All of us—facing the stars / Hope—a new constellation / Waiting for us to map it, / Waiting for us to name it—together.
Hebrews 12:1-3, Galatians 6:1-5
Last weekend marked the 10th year of our January Church Retreat at Pilgrim Center. There are so many things I love about this retreat including the setting on Green Lake, and in particular spending time in the chapel. Let me show you a picture. My favorite time to be in the chapel is late afternoon when the sun is setting—there is warmth, peace, stillness, beauty.
I looked at the breakdown of ages of those who came to the retreat. We had about 30 adults who were 60 years and older, about 30 adults who were under 60 years, and we had about 30 kids and youth. What a lovely mix it was!
As I shared, during our morning session the adults focused on this poem One Today and from that poem we shared in small groups answers we had to the following questions:
What is rising in you? In the church?
Where is the light shining in the church?
What vital light do you bring?
What are the gifts that have been passed down to us from previous generations?
And as I shared in the children’s moment today, you are invited to participate in this discussion we started at Pilgrim Center. I hope you take time to read the hopes that are there and also add your own hopes.
As I thought about the poem and these questions, I was drawn to these two scripture passages. First of all, that beautiful passage from Hebrews that reminds us that we have a great cloud of witnesses, those who have gone before us, who have passed onto us gifts that make us who we are today. This notion of being surrounded by them, cheering us on is such a supportive and lovely image for us to remember.
The passage also reminds us that like the generations before us, we, too, get our vision and example of how to keep going from Jesus. Living in the life of God, Jesus never lost sight of where he was going, how he was to live, and his mission. Living in the life of God, the Grace of all Grace, Jesus stayed true to a way of being in the world—a way that had him in rivalry with no one, a way that had him not define the world in us vs. them categories, a way in the world where he modeled forgiveness in order to stop the cycle of violence and hatred, a way of being in the world that excluded no one. This is the Jesus the writer of Hebrews encourages us to keep looking to. And the writer goes on to share that if we find ourselves flagging in our faith we’re to go over the story of Jesus again.
Go over the story again and we’ll see that Jesus doesn’t give us a code of moral conduct to follow—Jesus shows us a new way to live and be in the world. Jesus shows us that when we are touched by the Grace of all grace, we can move in the world as he did—living without rivalry, resentment, and revenge and instead offering forgiveness and grace. We are reminded to stay living in the life of God, living in this grace (with a capital G)—or we’ll burn out.
The second passage, from Galatians, speaks to where we are now as a church. It gives us good counsel as we move through this time of transition. First of all, it reminds us about our way to be in the world similar to what we are told in Hebrews—a way that lives from Grace, and not from rivalry or competition. We are to live in the power of forgiveness and extend forgiveness to ourselves and others. The passage also calls us to explore carefully who we are and the work we have been given. I think that is what we are doing now. We explored this a bit at our all church retreat this past weekend. The search team is working hard on our church profile that is used in finding a new pastor. The Leadership Team is preparing for their retreat next weekend and formulating questions that have us carefully explore who we are and the work we have been given. And then the passage encourages us to sink ourselves into that work. No problem. I think we have good sinkers in this church.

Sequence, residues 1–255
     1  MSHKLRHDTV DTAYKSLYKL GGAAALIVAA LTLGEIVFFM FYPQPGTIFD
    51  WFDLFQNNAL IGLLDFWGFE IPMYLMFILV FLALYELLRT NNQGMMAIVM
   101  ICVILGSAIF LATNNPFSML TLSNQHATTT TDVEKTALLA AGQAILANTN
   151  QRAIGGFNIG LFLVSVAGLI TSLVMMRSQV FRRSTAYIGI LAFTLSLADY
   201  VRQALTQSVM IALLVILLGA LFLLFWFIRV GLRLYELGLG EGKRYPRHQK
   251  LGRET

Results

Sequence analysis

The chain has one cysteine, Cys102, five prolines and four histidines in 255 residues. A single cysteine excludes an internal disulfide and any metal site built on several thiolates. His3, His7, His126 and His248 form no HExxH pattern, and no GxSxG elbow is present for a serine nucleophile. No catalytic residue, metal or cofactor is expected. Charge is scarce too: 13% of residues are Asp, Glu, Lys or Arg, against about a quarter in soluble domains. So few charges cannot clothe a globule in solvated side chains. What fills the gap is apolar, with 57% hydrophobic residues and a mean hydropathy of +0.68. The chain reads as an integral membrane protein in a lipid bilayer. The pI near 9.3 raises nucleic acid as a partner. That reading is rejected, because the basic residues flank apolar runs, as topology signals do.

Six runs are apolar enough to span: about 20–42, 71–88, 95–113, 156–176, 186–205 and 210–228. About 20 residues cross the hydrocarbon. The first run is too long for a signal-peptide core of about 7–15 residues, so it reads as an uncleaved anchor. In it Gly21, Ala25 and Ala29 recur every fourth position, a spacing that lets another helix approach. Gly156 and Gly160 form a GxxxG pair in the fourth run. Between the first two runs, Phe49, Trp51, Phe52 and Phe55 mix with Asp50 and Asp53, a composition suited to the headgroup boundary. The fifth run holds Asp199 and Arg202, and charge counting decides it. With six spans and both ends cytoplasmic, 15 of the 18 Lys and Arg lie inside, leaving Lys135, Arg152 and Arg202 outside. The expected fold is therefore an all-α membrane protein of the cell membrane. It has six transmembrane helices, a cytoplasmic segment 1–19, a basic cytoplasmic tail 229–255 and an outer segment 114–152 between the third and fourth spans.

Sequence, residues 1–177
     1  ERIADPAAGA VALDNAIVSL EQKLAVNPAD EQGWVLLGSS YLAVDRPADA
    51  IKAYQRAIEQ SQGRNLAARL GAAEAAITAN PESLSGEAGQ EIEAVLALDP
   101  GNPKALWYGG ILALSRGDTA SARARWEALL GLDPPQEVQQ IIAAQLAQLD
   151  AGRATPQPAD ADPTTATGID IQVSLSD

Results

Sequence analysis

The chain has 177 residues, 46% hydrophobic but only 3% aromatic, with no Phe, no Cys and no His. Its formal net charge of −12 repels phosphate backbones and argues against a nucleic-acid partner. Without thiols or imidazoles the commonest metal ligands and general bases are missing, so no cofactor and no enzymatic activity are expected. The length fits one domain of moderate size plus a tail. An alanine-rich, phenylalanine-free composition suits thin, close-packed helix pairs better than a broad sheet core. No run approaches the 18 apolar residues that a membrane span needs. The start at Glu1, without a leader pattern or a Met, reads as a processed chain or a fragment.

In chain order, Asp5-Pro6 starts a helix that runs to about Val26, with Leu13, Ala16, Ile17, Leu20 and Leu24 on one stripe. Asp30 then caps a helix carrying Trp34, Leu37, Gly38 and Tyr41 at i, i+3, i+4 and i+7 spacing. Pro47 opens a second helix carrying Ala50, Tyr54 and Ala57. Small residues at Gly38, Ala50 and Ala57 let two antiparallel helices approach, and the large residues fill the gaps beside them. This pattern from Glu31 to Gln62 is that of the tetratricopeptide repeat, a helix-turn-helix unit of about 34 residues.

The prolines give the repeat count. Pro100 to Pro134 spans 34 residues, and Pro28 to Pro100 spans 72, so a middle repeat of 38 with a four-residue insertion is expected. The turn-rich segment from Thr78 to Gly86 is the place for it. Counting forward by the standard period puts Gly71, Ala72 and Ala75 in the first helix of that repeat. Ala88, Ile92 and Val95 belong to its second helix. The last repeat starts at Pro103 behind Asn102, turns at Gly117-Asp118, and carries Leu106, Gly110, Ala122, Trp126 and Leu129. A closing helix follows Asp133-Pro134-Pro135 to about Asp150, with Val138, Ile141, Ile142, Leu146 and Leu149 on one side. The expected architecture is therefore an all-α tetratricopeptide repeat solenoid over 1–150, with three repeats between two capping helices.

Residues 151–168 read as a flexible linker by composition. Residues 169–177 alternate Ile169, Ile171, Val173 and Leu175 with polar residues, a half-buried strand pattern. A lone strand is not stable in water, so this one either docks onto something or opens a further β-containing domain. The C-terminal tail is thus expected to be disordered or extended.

Finally, the passage reminds us of 2 temptations that we easily succumb to as humans. First, it is very easy to get off track when we start comparing ourselves to others—which is driven by our propensity to be in rivalry with one another. It is very tempting to build ourselves up by comparing ourselves to what others are doing or not doing. We think this gives us a stronger sense of identity which leads to the second temptation—to be impressed with ourselves. When we notice ourselves slipping down this slope, let us circle back to the words from Hebrews which tells us to keep our eyes on Jesus. Perhaps this sounds like a trite solution but I would suggest that it is quite empowering. Why? Because as Jesus was defined by God’s grace, so, too, are we. Grace gives us our identity as children of God and as brothers and sisters of Jesus. Grace melts away our need to put others down in order to puff ourselves up. Grace moves us away from rivalry and resentment and into loving our enemies and stopping the cycle of revenge. This grace lived out in Jesus is what defines us and is what fuels our work and way in the world.
So as we face our future together as a church, let us ponder these last phrases of the poem One Today—
All of us—facing the stars
Hope—a new constellation
Waiting for us to map it,
Waiting for us to name it—together.
I invite you to find a star on one of the tables and share a hope that is rising in you that you have for the church. Help us name it together. Amen.